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MPI’s Seizure of Fruit Trees Unlawful

MPI’s Seizure of Fruit Trees Unlawful


The New Zealand Plant Producers Incorporated, which represents commercial plant producers, is challenging the Ministry of Primary Industries (MPI)’s intention to use section 116 of the Biosecurity Act to seize fruit trees that have been caught up in the US quarantine issue.

MPI announced today that it would be seizing approximately 55,000 fruit trees from 4 nurseries around New Zealand. It follows an MPI audit in March which uncovered incomplete and incorrect record keeping at a US facility, which is responsible for screening apple and stone fruit plant cuttings before they are imported.

MPI has said that the material does not present a biosecurity risk at this stage, and that importers and nurseries are not at fault. The issue relates to a lack of record keeping at the US quarantine facility that has been identified years after the plant material was imported.

“We welcome MPI’s cautious approach to biosecurity. Like MPI, our plant producers want assurance that the trees are safe and here legally,” said Matt Dolan, chief executive of NZPPI.

“However, we strongly disagree with MPI’s decision to use a seizure notice under the Biosecurity Act because of the uncertainty about how the seizure notice can be reversed.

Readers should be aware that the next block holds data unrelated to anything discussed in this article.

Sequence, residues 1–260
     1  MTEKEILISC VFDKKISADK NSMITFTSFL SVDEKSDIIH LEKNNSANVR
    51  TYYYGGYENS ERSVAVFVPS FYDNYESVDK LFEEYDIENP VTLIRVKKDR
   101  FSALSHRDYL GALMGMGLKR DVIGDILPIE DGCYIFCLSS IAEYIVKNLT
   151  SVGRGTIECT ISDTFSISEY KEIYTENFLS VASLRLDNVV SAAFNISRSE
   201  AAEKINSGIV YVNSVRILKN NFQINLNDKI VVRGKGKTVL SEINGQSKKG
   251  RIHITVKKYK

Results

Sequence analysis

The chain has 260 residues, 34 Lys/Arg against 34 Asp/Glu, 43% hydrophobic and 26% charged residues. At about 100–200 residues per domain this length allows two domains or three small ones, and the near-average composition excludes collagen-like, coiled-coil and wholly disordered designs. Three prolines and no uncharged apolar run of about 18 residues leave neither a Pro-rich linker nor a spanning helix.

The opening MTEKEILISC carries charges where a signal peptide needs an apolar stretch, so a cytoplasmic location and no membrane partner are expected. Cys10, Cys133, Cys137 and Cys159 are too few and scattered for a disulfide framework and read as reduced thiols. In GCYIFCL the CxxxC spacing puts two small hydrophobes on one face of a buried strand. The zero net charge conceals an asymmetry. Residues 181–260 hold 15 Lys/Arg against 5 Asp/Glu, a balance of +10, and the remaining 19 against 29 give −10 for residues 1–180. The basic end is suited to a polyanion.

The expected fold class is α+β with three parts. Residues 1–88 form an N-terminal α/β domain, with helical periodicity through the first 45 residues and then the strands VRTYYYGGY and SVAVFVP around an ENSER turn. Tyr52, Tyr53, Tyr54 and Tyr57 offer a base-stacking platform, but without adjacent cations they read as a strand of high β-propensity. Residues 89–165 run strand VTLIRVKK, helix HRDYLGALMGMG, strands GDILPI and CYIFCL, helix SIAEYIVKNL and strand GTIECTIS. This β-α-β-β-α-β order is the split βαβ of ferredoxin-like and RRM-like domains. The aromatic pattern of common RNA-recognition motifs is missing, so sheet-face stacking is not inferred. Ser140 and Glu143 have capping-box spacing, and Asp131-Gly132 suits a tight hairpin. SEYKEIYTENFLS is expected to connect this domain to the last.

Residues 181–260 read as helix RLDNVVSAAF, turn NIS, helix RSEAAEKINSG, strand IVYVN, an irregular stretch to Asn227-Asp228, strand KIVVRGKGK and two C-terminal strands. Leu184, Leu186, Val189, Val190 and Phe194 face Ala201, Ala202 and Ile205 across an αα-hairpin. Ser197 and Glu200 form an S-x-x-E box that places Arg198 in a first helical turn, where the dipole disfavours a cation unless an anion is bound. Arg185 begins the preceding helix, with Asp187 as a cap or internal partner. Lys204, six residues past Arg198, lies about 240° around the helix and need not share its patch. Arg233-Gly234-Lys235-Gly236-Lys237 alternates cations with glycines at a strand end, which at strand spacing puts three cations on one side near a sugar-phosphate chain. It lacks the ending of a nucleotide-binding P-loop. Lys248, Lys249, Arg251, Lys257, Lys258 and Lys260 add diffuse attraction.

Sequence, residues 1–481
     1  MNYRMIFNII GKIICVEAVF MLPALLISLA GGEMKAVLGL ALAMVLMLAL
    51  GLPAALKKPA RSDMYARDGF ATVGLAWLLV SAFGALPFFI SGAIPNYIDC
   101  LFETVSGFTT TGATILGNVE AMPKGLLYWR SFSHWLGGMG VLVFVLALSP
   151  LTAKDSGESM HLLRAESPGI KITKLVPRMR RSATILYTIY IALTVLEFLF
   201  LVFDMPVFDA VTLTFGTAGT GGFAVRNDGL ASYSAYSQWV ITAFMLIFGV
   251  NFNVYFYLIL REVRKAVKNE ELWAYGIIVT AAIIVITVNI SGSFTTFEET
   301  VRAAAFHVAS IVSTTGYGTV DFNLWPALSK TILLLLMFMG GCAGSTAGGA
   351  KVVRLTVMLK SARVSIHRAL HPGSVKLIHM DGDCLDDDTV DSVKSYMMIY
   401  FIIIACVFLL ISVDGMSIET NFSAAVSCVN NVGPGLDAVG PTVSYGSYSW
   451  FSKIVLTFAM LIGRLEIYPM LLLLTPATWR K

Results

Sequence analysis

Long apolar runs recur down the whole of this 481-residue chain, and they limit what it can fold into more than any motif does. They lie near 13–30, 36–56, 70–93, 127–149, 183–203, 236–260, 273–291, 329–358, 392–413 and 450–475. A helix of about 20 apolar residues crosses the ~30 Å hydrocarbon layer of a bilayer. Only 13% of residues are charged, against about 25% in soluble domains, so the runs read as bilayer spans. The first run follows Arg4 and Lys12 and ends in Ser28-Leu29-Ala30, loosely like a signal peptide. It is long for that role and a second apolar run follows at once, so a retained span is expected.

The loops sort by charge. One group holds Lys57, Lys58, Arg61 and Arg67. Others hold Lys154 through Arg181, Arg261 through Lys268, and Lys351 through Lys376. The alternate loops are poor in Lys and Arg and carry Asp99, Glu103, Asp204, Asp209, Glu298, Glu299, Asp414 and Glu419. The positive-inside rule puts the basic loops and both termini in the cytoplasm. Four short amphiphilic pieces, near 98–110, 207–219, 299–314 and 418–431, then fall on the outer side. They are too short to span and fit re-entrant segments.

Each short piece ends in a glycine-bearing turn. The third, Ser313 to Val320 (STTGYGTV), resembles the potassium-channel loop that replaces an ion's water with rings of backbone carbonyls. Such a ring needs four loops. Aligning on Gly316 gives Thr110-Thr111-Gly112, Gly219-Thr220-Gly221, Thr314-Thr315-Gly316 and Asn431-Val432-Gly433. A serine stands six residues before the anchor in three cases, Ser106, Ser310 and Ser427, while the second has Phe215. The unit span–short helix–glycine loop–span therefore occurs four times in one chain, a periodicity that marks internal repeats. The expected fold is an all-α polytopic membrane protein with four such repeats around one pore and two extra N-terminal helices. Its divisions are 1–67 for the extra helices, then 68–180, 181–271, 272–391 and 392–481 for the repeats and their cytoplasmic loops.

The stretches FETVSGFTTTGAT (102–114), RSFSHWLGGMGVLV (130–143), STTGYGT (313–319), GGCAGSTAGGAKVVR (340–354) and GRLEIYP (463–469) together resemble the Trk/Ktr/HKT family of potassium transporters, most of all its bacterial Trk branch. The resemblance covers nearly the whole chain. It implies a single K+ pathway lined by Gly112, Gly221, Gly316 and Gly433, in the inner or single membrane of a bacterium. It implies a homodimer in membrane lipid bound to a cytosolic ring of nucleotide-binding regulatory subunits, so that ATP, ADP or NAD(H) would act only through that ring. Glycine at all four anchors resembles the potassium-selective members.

“It is inappropriate to use section 116 to seize plant material that has been legally imported into New Zealand and then found to be a problem years later. This section prevents nurseries from having access to compensation for loss of their plant material if MPI elects to destroy the trees in the future. This is unacceptable and is not in line with how our biosecurity system works in principle, or legally.

“There are other more appropriate mechanisms available under the Biosecurity Act that provide certainty to the owners of the material.”

Section 116 of the Biosecurity Act deals with contraband and hazardous goods that come across the border without documentation or are an obvious biosecurity risk. The seized plant material has met all importation requirements, including undergoing an extensive quarantine process in New Zealand.

“This is a massive blow to nurseries that risk losing the value of their trees and stalling the release of new varieties. Commercial fruit growers will also be affected as these new plant varieties are important for the future growth and value of the industry. The seized plant material represents ten years of investment in new variety development.

“The affected nurseries are committed to biosecurity and have cooperated fully with MPI. They were able to quickly track and locate all the plant material in question, even years after it was imported.”


ENDS


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